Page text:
Skip to main content

This is a news story and may not be up to date. You can find the date it was published above the title. Our Tax Guides feature the latest up-to-date tax information and guidance. 

Published on 15 December 2022

Help available for the self-employed when completing tax returns

Are you one of the many self-employed people intending to complete your online Self Assessment tax return over the festive period? If you are worried about doing this, then read on to find out about the helpful guidance available on our website.

Many sole-traders and partners will be completing their Self Assessment and partnership tax returns for the 2021/22 tax year over the next month or so, before the online filing deadline of 31 January 2023.

Not everyone can afford to pay for professional advice and it can be a daunting prospect to prepare your accounts and tax return without it. However, our website has plenty of information and examples to help you which should make the process easier. We have highlighted below some key areas which we think might be useful to you, including some that you might find a bit tricky.

NEWS: Help available for the self-employed when completing tax returns. image of a lady sat at a desk completing her tax return

Content on this page:

How do I get started?

If you are newly self-employed or not feeling confident in how to pull together your accounts and complete your tax return then our self-employment guide can help you. This guide specifically focuses on the 2021/22 tax return and contains information on:

  • how to register with HMRC;

  • how to prepare a set of accounts;

  • how to complete your tax return;

  • growing your business;

  • tax credits and universal credit when self-employed; and

  • a detailed case study showing how a new sole trader prepares her accounts and Self Assessment tax return.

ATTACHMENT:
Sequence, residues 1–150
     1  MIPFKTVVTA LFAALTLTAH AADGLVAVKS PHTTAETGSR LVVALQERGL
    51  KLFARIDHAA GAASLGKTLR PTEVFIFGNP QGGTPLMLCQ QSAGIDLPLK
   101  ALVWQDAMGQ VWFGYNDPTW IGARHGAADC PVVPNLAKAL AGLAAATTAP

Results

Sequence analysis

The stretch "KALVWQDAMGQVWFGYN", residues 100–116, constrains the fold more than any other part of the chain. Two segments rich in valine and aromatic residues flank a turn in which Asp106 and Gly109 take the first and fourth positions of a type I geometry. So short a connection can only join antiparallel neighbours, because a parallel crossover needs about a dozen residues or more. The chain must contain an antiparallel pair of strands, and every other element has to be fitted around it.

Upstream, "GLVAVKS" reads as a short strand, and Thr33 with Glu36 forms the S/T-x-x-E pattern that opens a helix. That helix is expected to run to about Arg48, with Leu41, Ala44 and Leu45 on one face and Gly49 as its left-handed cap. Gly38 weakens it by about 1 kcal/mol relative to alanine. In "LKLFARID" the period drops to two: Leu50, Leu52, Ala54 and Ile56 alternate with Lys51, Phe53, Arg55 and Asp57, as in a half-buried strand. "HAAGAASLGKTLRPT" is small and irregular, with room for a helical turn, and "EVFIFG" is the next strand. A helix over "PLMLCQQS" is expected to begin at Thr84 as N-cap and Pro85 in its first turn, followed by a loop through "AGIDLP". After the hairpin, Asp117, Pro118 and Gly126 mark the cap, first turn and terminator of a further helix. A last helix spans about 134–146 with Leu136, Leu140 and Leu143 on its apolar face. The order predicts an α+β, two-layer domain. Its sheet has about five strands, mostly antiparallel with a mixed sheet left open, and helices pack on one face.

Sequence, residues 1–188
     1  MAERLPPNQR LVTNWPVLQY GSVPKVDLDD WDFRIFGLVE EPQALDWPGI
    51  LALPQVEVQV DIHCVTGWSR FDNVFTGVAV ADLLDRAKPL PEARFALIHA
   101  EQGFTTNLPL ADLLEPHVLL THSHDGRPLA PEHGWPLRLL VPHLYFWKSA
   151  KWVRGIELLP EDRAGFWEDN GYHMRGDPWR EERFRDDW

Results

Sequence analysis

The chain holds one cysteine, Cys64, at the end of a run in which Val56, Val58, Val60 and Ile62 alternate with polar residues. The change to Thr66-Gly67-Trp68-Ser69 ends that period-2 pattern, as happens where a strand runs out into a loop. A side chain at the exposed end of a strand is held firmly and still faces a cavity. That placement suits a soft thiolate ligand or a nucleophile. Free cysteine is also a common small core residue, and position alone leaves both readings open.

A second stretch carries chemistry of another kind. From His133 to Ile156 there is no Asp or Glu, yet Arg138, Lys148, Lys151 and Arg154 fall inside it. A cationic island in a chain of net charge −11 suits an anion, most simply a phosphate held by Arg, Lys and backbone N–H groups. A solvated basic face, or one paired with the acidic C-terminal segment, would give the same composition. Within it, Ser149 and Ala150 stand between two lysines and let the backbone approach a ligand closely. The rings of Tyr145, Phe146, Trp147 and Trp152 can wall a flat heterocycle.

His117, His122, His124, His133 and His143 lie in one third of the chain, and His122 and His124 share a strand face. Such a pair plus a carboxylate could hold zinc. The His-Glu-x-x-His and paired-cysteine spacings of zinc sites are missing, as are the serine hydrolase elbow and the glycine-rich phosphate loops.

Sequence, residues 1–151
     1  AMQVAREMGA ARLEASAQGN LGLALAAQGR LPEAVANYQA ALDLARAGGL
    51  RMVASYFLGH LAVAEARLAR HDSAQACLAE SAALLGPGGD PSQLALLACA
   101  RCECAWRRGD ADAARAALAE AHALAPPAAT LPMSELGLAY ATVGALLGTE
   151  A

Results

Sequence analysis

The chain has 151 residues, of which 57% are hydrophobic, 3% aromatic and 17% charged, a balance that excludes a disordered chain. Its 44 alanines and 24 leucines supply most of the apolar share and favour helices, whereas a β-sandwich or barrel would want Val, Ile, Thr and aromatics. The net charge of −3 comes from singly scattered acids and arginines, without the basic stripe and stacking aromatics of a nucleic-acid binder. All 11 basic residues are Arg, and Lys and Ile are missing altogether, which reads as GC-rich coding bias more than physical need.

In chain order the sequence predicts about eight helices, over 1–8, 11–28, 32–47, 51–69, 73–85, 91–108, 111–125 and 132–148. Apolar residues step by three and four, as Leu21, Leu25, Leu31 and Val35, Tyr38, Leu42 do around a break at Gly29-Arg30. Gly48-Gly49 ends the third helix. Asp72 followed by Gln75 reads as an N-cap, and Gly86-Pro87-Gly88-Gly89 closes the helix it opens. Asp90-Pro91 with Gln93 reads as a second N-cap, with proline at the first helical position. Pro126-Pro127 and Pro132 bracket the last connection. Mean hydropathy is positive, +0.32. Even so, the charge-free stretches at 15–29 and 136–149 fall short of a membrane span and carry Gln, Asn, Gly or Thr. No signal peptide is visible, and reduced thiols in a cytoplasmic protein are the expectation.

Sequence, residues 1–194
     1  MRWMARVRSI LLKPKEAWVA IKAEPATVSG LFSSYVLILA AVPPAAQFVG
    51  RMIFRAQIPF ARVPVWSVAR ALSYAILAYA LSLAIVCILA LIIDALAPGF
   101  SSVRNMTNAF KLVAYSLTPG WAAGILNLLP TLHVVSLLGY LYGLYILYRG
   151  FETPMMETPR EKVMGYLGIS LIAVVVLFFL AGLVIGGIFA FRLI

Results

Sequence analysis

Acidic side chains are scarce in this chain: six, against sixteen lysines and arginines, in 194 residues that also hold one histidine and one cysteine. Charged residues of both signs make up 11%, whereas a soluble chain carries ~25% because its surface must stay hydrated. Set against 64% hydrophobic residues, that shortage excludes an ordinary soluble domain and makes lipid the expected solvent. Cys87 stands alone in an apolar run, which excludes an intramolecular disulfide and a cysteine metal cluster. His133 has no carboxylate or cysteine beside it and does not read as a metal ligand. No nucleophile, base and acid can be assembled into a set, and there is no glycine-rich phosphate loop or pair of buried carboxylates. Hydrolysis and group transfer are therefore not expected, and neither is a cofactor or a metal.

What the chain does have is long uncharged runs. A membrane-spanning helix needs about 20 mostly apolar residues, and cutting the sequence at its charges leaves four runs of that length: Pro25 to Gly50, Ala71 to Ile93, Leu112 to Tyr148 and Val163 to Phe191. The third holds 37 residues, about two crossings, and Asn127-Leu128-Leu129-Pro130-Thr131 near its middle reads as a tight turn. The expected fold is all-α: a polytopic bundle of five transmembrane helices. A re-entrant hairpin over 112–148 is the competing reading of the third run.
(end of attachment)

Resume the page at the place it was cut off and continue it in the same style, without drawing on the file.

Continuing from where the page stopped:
Does the Trading Allowance apply to me?

If your gross income is £1,000 or less, you can choose to use the trading allowance (sometimes called the trading income allowance or ‘hobby allowance’). Gross income means income before any expenses are deducted, for example commission payments or sellers’ fees. If your gross income is £1,000 or less and you decide to use the trading allowance, then you may not need to register with HMRC or file a tax return.

However, the trading allowance covers all casual and miscellaneous income as well as the gross income from any different self-employment trades you may have, so you must work out whether your total gross income from all relevant sources is at or below the £1,000 threshold. If it is more than £1,000, then HMRC will expect you to register for Self Assessment and complete a tax return even if there is no income tax or National Insurance to pay.

If your gross income is above £1,000, you can still use the trading allowance instead of deducting your actual expenses which may be beneficial if your actual expenses are below £1,000.

Should I tick the cash basis box?

When completing the self-employment section of your tax return, you will be asked if you are using the cash basis. The cash basis is a way of preparing your accounts so that you include sales income and expenses when you actually receive or make a payment. When using the cash basis, there are special rules regarding losses, cars used for business purposes and interest payments.

If you don’t elect to use the cash basis by ticking the box, then you will need to prepare your accounts using the accruals basis.